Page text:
Persistence in Economic Development

Posted by {"login"=>"dvollrath", "email"=>"[email protected]", "display_name"=>"dvollrath", "first_name"=>"", "last_name"=>""} on May 12, 2014 · 5 mins read

Last weekend I attended a conference at Brown University on "Deep-Rooted Factors in Economic Development". The key theme that came out of that weekend was persistence. Nearly all of the papers gave evidence that economic shocks or initial differences in economic outcomes dissipate very, very slowly, if at all.

Oded Galor and Omer Ozak presented a paper on the origin of time preferences (e.g. patience). They find surprisingly strong empirical evidence linking inherent agricultural yields to survey responses regarding patience, with the argument being that places with high returns to settled agriculture (which requires patience) selected for higher patience populations over time. Stelios Michalopoulos, Louis Putterman, and David Weil presented evidence that African individuals descended from agriculturalist societies are more economically successful than those descended from pastoralists, even if we compare people who no longer reside in their traditional homelands. Both papers show the very long reach of history on current economic outcomes.

Related to this were a number of papers that looked at how economies responded to shocks. Eric Chaney and Richard Hornbeck showed that following the explusion of the Moriscos from Spain in 1609, the population and income per capita in the heavily-affected regions did not adjust immediately (i.e. in a decade) but over a much longer time frame (i.e. a century). Felipe Valencia-Caicedo provided evidence on the persistent effect of Jesuit missions in South America on human capital formation. Enrico Spolaore and Romain Wacziarg looked empirically at how long it took the "idea" of low fertility to spread from France across Europe. Melissa Dell presented work on how areas subject to insurgency during the Mexican Revolution (early 20th century) are still economically less developed than other areas of Mexico.

The fact that very early agricultural conditions are still influential in comparative development, or that economic shocks linger for centuries, is very hard to reconcile with how we typically think about economic growth. Even if one country/area starts with bad conditions, or is subject to a bad shock, all of our intuition is that they should eventually be able to catch back up. Physical and human capital can be accumulated through savings or education, and this accumulation should actually speed up the farther away from its potential that a country finds itself. Technological changes are, as we like to say, non-rival and non-excludable, so that countries can copy innovations relatively easily. While there is certainly a lag involved in either saving up new capital or adopting new technologies, we're talking about lags measured in years, not centuries.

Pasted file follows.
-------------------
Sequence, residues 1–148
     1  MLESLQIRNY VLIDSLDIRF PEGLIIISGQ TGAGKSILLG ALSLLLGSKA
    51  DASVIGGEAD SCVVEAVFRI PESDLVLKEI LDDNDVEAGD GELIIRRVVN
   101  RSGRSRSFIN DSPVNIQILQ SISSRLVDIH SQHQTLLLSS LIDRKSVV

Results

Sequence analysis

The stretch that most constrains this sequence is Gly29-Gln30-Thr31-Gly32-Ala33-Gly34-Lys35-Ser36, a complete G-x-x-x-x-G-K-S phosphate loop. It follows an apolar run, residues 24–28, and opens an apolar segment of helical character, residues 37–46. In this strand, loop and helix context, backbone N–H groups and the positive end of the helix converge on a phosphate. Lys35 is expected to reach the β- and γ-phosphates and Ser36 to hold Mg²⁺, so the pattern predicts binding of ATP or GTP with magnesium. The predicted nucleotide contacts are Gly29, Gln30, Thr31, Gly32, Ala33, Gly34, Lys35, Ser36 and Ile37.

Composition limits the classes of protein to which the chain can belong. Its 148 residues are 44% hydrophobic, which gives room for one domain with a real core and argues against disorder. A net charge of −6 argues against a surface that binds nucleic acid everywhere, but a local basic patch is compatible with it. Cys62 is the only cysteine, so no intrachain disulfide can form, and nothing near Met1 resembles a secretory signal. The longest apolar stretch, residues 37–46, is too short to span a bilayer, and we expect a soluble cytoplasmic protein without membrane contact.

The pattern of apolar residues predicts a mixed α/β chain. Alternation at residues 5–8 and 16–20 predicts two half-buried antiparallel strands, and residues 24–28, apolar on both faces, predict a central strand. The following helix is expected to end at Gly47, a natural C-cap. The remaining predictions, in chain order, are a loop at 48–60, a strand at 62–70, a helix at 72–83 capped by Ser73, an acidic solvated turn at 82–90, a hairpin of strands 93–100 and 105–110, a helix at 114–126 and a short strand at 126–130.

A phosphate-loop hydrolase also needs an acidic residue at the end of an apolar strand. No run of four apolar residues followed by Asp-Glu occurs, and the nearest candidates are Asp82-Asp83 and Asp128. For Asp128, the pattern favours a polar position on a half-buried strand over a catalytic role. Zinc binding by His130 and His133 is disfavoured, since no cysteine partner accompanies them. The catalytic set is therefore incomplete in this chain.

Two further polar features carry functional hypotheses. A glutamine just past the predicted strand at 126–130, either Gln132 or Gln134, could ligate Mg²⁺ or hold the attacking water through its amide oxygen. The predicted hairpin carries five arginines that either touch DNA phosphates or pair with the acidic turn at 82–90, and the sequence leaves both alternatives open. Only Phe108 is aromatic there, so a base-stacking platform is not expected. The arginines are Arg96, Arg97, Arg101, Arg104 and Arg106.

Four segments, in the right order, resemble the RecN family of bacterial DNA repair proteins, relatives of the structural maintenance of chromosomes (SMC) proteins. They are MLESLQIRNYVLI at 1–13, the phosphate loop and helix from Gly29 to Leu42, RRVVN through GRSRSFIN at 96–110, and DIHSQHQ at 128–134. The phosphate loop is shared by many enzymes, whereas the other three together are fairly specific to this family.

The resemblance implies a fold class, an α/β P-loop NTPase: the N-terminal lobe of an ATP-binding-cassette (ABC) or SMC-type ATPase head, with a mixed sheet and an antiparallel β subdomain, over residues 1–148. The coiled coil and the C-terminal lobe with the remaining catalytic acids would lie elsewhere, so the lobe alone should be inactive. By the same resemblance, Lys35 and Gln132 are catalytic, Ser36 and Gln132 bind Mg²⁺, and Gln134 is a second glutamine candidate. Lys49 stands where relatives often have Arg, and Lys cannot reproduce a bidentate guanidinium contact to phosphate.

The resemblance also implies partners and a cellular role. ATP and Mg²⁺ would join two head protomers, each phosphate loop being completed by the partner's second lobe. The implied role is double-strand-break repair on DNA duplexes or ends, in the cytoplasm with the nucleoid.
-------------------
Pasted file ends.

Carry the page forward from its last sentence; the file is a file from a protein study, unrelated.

For technology, or productivity in general, it seems especially hard to understand long-run persistence. Why is it that poor places, or people, do not just adopt the higher-productivity techniques/ideas/processes that they see around them? My reaction to the papers I saw at Brown was that we are probably too cavalier in assuming that these ideas can be costlessly copied. We are probably better off thinking of ideas as embodied in people, like cultural traits. Ricardo Hausman just had an interesting post on this; he thinks knowledge is generally tacit, not explicit. Therefore it takes some kind of costly person-to-person transmission to move good ideas or techniques across populations.

With costly transmission, persistence makes more sense. We're seeing the outcome of a slow diffusion of new ideas (on patience, fertility, the value of education, or agricultural techniques) through populations. That slow diffusion comes about because these ideas are transmitted as tacit knowledge from parents to children, masters to apprentices, teachers to students, or old employees to new employees. If a bad shock wipes out tacit knowledge (say by expelling experienced workers or changing the climate), then it isn't necessarily true that an economy would eventually return back to its pre-shock equilibrium. Once the tacit knowledge is gone, its gone.

This is all telling me that I need to think harder about diffusion processes. Is there some kind of transmission of traits conducive to growth going on, either genetically (like in Galor and Moav, 2002) or culturally (like in Doepke and Zilibotti, 2008)? Are language differences and/or genetic differences the key to measuring the frictions in the diffusion process (like in Spolaore and Wacziarg, 2009)?

The reading list just keeps growing.